GHG Emissions, Regulation, Utilities, Regulation - November 29, 2016
Report: US already beating Clean Power Plan targets
Despite significant uncertainty surrounding the future of the U.S. EPA's Clean Power Plan, a new analysis of government data shows the country is already meeting a number of its outlined targets.
According to the analysis of data provided by The Sierra Club to Politico, changes to the nation's power generation mix have already made the electricity sector reach the Clean Power Plan's 2024 goal for cutting carbon emissions and its 2030 target for reducing coal use. The political news organization pointed to the shift away from coal-fired power generation at many of the country's largest power and utility companies for years in favor of natural gas-fired and renewable energy facilities as cleaner and more economical choices as the primary driver of the reductions.
According to Politico, the analysis shows that U.S. power plants are on track to emit 1.76 billion metric tons of carbon in 2016, which represents a 27% reduction from 2005. That figure is below the Clean Power Plan's interim goal for 2024 and almost to the 32% reduction called for under the plan by 2030.
"If you subtract emissions from the 71 operating coal plants that already have announced retirement dates, the electric sector has just about met the plan's final emissions goals 15 years early, even though the plan does not now have and may never have any legal teeth to compel compliance," Politico reported.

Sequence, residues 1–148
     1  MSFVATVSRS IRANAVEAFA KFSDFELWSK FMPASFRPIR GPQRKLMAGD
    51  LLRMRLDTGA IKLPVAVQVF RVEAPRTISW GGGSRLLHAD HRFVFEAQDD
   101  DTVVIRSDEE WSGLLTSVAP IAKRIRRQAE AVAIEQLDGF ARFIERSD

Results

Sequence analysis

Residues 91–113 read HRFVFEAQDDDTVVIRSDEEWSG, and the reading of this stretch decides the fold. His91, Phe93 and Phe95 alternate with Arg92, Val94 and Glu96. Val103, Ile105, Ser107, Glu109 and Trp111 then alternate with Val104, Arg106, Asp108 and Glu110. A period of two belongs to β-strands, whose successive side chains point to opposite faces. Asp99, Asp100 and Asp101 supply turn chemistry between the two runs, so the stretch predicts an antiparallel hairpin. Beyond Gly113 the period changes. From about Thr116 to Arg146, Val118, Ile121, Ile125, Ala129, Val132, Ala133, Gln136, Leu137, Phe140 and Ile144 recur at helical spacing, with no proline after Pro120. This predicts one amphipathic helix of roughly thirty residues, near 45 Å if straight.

The report came as the energy sector and government officials have been trying to gauge what energy policy might look like under President-elect Donald Trump, who previously called climate change a hoax, and promised during his campaign to withdraw U.S. support of the Paris climate agreement and dismantle the Clean Power Plan, which is currently tied up the U.S. courts.
Politico reported Nov. 18:
Even if President-Elect Trump fulfills his pledge to withdraw from the Paris climate deal, the U.S. is on track to fulfill its pledges under that deal, a glimmer of good news for environmentalists mourning his election. What is not clear is whether Trump, who has vowed to undo the Clean Power Plan and end Obama’s "war on coal," can reverse the decline of coal or even slow it down.
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